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Explanation of calculations on L1, L2, L3, and L4 Increasing or decreasing X does not change σ Multiplying X by 3 triples σ Multiplying X by 3 increases the VAR by 9, or 3 2 (variance increases by the square of multiplier) X (L1) X+6 (L2) X-3 (L3) 3X (L4) μ 814524 σ 3.16.. 9.48.. VAR (σ 2 ) 10 90

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Summary of adding and multiplying X, means, standard deviation, and variances E(X±c)=E(X)±c Var(X±c)= Var(X) E(aX)=aE(X) Var(aX)=a 2 Var(X) X (L1) X+6 (L2) X-3 (L3) 3X (L4) μ 814524 σ 3.16.. 9.48.. VAR (σ 2 ) 10 90

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Let’s put the equations into words before we move on 1.E(X±c)=E(X)±c 2.Var(X±c)= Var(X) 1.If we change a random variable simply by adding or subtracting a constant, we simply add the constant to the mean of X 2. Having changed a random variable in this way, the variance DOES NOT CHANGE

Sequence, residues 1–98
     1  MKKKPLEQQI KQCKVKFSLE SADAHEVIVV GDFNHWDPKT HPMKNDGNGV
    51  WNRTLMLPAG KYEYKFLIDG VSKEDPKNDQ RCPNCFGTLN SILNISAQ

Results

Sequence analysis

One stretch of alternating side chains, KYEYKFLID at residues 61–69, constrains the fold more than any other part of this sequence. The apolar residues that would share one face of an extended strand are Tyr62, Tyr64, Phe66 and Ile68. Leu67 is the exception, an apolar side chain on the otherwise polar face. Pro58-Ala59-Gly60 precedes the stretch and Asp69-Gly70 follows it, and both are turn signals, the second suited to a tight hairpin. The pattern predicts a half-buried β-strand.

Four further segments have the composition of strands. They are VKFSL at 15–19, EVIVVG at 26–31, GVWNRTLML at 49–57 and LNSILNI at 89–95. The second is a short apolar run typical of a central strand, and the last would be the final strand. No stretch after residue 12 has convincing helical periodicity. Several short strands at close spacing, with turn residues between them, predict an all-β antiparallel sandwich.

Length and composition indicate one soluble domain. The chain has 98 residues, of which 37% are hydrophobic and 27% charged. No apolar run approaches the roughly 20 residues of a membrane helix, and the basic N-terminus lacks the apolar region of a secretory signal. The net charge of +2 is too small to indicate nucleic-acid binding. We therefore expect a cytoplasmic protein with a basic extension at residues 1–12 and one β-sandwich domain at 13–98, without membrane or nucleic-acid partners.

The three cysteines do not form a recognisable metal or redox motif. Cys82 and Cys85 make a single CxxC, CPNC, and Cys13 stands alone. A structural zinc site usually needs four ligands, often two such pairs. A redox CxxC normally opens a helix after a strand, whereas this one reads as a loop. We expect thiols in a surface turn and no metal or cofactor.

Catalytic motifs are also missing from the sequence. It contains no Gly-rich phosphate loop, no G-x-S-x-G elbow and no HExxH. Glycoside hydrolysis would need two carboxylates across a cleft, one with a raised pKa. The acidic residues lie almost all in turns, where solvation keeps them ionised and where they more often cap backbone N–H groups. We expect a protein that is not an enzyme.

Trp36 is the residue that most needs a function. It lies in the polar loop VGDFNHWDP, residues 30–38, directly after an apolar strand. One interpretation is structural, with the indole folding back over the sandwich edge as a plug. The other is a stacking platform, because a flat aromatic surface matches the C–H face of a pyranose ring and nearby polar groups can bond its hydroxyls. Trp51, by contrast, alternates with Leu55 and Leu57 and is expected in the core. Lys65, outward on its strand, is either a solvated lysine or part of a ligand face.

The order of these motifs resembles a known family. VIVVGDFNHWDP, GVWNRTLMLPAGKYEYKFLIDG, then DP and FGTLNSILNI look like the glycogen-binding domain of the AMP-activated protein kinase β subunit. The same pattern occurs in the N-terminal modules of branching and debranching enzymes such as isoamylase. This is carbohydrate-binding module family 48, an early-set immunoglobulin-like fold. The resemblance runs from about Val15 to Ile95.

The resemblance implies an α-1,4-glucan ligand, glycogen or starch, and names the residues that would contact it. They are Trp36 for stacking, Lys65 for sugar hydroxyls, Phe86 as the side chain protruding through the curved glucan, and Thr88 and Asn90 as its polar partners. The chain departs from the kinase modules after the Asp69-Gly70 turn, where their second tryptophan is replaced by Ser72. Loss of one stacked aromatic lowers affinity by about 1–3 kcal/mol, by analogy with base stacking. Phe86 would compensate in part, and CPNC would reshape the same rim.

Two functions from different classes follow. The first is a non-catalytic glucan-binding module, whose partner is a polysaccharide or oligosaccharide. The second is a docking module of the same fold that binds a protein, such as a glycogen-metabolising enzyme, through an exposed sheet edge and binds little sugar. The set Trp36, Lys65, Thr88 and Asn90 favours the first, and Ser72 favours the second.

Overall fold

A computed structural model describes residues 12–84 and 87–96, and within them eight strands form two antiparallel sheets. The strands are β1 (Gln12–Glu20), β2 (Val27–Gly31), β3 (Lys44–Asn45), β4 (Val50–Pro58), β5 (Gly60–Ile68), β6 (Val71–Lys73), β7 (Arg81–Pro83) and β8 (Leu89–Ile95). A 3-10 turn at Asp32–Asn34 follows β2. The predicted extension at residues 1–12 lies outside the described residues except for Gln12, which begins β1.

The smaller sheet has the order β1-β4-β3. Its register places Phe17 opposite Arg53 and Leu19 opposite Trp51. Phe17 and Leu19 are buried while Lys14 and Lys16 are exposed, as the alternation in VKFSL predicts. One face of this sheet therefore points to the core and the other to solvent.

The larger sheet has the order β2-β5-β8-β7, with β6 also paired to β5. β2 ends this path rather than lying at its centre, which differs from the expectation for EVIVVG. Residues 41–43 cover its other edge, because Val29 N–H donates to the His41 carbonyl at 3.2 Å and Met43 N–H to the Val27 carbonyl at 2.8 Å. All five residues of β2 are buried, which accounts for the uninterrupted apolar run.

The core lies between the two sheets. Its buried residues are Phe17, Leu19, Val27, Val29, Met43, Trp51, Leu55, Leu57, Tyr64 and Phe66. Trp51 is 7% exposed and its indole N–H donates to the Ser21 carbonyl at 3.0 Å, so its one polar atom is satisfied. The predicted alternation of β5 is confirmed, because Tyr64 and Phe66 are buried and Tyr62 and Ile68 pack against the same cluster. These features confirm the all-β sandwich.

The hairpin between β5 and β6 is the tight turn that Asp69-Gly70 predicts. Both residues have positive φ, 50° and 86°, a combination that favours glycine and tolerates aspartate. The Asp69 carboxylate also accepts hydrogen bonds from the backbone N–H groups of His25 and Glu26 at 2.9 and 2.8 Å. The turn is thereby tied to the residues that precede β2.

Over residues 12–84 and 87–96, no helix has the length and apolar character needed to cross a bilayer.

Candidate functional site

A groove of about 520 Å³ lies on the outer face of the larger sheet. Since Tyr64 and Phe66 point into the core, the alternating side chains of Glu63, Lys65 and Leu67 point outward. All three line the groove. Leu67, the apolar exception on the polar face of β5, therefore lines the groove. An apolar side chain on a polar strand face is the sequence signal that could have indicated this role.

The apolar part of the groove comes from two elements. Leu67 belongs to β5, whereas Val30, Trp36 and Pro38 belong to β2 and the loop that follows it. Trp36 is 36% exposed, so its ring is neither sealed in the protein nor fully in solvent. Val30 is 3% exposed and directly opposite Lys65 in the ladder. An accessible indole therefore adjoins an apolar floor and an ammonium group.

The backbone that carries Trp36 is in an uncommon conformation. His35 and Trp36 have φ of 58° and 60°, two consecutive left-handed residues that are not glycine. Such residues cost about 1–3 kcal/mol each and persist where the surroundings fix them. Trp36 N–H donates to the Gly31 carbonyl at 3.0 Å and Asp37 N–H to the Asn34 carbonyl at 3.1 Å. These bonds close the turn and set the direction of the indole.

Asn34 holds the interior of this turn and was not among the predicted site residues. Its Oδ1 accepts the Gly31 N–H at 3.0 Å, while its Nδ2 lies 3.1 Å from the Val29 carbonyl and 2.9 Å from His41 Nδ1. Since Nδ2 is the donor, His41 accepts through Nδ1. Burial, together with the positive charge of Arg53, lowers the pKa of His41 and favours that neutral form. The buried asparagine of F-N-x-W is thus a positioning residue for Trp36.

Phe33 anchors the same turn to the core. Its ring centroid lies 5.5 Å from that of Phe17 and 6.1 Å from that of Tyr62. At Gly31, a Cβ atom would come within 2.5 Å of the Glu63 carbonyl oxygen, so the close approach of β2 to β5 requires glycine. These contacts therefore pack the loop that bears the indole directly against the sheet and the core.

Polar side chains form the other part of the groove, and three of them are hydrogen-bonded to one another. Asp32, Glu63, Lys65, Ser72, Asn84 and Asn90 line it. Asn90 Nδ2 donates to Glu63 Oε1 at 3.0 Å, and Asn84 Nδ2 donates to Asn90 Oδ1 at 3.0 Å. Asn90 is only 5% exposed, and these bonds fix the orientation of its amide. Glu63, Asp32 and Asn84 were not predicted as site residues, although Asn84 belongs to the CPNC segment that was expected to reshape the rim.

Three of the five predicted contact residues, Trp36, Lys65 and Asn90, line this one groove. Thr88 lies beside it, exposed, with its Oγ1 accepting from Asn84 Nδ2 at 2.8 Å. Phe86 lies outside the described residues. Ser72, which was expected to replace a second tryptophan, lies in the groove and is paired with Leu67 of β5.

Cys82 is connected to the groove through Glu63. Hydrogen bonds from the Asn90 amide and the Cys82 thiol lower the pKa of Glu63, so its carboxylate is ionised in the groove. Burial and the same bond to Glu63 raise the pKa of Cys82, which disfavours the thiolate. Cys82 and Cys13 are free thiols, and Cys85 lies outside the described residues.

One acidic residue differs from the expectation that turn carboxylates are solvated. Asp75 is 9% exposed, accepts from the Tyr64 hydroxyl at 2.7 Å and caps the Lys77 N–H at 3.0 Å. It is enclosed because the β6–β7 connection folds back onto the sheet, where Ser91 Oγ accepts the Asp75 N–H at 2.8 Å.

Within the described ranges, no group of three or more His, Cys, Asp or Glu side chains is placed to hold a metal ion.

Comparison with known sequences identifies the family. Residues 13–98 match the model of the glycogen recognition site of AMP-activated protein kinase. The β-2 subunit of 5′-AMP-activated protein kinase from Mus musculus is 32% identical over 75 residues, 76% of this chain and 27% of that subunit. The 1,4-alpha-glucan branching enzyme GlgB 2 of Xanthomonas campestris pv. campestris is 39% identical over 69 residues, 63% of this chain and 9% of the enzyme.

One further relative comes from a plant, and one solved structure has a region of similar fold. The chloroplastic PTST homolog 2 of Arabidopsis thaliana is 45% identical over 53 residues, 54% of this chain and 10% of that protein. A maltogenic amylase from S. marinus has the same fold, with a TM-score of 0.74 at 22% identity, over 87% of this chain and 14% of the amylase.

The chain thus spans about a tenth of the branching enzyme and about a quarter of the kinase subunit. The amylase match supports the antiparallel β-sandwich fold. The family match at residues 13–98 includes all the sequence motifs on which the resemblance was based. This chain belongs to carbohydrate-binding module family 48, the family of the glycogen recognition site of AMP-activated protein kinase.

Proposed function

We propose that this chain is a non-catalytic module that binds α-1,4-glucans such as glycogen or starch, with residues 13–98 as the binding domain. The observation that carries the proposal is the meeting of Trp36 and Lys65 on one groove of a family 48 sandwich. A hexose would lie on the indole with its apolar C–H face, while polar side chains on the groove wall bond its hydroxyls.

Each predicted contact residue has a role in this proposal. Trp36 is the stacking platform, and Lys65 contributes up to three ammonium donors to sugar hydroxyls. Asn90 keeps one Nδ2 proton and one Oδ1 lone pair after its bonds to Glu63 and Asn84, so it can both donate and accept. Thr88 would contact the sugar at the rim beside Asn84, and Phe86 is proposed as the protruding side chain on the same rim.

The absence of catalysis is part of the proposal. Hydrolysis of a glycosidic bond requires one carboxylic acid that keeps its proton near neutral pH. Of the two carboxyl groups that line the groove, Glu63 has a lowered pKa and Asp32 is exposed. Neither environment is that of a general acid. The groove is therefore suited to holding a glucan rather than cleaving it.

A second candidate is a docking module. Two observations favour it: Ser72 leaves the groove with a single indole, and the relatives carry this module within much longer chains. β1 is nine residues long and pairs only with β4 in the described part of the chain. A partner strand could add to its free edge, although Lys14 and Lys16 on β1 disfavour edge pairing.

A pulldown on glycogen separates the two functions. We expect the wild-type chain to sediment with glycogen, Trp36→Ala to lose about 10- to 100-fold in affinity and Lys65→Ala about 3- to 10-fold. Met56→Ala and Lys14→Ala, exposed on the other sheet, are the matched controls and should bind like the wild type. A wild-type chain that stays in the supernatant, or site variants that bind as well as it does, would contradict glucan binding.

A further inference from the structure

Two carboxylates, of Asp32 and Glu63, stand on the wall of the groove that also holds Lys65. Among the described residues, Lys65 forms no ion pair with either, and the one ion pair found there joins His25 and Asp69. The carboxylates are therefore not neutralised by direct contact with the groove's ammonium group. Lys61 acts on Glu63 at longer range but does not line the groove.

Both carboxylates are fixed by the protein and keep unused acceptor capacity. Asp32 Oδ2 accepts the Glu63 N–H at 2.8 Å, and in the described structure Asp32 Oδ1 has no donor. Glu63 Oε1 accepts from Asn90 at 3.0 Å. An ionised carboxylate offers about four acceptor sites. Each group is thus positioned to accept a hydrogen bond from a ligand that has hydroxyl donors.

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Let’s put the equations into words before we move on 3.E(aX)=aE(X) 4.Var(aX)=a 2 Var(X) 3.If we change a random variable by multiplying it by a constant, the new mean is simply the constant times the original mean before multiplication 4. When we change a random variable by multipying by a constant, the variance increases by the square of the constant

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So why do we even care? Answer: to save ourselves a LOT of work If we add or subtract from X, we don’t have to recalculate ANYTHING. – The variance doesn’t change (nor does the standard deviation, since σ=VAR ½ – The mean increases by whatever we added or subtracted If we multiply X by a constant a, the new mean is just a times the original mean, and the VAR is now the old VAR times the square of the constant a (i.e., multiply VAR by a 2 ) THIS MEANS WE DON’T HAVE TO DO ANY LABORIOUS CALCULATIONS!